| Conclusions|| |
The relevant literature was informed that the cause of infection was mainly: (1) patients with other basic diseases, such as diabetes, pulmonary infection, hypertension, and so on, these factors are considered to increase the probability of infection after surgery. Therefore, perioperative preparation is particularly important, preoperative preparation should be sufficient to minimize postoperative wound infection; (2) operation time: the shorter the operation time, the less bacterial growth of the wound, exposure to antibiotics, reducing unnecessary injuries, and reduce the incidence of postoperative complications., (3) A large number of foreign literature reports show that high-level laminar flow operation room joint replacement surgery can significantly reduce the incidence of postoperative infection; the patient's surgery will also affect postoperative wound healing. (4) The application of antibiotics: the use of prophylactic antibiotics, the inhibition of these bacteria. Classifying infection into acute versus late infection aids in the treatment plan. For acute infections presenting within 2–4 weeks of symptom onset, irrigation, and debridement with polyethylene liner exchange and retention of components may be possible. When attempting component retention, thorough debridement and rapid treatment of the infection before the accumulation of any biofilm is paramount for a successful outcome. Other important prognostic factors include the virulence of the microorganism as well as the immune status of the host. Despite expeditious management, irrigation and debridement of acute total hip and knee infections frequently lead to recurrent infection. Thus, patients should be counseled accordingly. Further management may be needed following an initial attempt at component retention. These options include resection arthroplasty with or without re-implantation, long-term antibiotic suppressive therapy, arthrodesis and even above the knee amputation in rare circumstances. For chronic infections, a successful outcome depends on several factors including the baseline health status of the patient, implant removal with a thorough debridement followed by culture-specific antibiotic treatment. Furthermore, methods of monitoring for persistent infection include following laboratory values such as the C-reactive protein, erythrocyte sedimentation rate, and cultures from joint aspirations. Whether to perform a direct exchange versus a delayed revision arthroplasty for chronic total hip and knee infections can be debated. Several published series have reported successful outcomes with single stage procedures when patients are carefully selected. However, the majority of chronic infections in the United States are treated with two-stage resection, since this method has consistently provided the highest cure rates, with many current studies demonstrating 90% success. However, longer operation time and greater surgical exposure increased the risk of contamination. However, the use of prophylactic antibiotics is still the only effective method to prevent postoperative infection. Prophylactic use of antibiotics is generally 48 h before the operation and use of antibiotics. At the same time, surgeons should also pay attention to operation and strict aseptic concept. Antibiotics are used to ensure a local drug concentration and to reach an effective level in operation.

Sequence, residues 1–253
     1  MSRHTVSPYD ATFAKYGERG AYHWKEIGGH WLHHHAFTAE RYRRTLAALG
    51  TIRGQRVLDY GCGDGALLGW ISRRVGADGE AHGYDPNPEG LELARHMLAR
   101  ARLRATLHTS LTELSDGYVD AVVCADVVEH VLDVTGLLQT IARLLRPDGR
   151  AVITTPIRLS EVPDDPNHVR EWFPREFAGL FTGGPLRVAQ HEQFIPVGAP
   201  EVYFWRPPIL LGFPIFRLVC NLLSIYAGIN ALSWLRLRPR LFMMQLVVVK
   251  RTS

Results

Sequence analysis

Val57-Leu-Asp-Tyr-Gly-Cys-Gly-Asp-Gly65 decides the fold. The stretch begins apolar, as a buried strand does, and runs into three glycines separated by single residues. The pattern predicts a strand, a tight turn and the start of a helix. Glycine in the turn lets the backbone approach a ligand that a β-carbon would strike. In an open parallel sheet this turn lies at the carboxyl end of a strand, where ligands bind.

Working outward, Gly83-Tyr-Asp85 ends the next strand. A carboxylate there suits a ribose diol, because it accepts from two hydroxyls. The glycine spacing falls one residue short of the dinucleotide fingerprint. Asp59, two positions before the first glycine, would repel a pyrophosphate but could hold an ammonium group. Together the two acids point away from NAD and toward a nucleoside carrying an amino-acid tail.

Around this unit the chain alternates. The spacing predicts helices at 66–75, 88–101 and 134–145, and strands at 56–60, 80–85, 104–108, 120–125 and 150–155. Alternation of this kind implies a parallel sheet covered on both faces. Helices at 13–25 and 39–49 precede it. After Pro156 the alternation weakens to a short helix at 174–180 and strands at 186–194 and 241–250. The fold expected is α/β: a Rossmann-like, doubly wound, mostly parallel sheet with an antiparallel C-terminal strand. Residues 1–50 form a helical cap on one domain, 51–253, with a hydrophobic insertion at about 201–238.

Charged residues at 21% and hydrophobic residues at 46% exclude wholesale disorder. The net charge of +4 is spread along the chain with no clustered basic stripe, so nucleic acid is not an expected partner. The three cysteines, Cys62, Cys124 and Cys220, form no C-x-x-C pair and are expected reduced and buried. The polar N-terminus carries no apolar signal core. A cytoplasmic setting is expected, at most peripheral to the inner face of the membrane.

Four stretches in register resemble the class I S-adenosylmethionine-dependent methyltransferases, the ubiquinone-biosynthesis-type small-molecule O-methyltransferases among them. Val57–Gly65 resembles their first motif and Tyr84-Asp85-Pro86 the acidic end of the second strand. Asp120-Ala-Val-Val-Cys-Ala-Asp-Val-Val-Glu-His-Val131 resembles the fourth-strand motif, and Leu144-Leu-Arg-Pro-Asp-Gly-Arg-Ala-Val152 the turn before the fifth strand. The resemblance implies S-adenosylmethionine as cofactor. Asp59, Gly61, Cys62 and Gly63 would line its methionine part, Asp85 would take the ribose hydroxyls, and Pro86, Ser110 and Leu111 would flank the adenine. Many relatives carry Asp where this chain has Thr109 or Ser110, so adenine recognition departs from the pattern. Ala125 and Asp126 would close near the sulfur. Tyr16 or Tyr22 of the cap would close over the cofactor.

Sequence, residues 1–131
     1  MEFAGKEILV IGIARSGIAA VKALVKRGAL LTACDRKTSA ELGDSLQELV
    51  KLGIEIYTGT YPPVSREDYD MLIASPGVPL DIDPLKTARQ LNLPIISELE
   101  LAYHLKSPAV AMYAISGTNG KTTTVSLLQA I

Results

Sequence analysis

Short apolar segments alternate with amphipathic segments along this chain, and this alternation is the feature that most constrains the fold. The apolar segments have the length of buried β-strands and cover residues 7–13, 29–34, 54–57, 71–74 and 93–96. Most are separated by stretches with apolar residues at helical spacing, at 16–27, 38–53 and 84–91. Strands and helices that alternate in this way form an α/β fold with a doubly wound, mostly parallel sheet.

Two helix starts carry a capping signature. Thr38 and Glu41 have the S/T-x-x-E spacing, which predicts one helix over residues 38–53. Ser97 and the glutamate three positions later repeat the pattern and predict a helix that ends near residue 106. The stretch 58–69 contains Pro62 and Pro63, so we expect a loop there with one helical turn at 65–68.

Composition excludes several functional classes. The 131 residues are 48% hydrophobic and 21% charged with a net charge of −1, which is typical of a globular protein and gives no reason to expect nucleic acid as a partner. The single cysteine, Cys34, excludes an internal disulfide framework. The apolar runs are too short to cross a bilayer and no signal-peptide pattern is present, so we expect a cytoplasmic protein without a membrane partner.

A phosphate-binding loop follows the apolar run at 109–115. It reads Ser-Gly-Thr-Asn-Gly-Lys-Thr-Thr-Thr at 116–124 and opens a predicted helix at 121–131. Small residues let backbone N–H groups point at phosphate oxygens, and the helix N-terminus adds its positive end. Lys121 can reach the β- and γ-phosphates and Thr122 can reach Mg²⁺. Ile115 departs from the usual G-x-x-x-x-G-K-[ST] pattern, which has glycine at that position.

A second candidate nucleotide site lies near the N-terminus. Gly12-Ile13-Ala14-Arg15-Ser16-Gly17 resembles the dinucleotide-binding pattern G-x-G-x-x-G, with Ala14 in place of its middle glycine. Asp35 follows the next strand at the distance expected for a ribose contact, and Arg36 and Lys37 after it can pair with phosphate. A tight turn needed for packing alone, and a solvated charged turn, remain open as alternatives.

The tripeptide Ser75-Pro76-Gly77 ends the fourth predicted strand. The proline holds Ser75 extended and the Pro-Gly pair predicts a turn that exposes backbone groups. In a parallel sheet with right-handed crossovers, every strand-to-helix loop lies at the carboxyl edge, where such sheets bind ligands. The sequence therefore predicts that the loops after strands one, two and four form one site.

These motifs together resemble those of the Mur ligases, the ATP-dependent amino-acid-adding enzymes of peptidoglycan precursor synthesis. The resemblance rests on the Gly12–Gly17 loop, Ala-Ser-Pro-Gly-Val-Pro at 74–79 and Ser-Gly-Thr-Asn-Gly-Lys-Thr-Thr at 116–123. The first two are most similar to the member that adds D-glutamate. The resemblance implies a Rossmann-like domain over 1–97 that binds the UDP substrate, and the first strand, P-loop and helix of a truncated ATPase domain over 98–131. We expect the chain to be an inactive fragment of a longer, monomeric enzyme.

Declaration of patient consent
The authors certify that they have obtained all appropriate patient consent forms. In the form the patient(s) has/have given his/her/their consent for his/her/their images and other clinical information to be reported in the journal. The patients understand that their names and initials will not be published and due efforts will be made to conceal their identity, but anonymity cannot be guaranteed.
Financial support and sponsorship
Conflicts of interest
There are no conflicts of interest.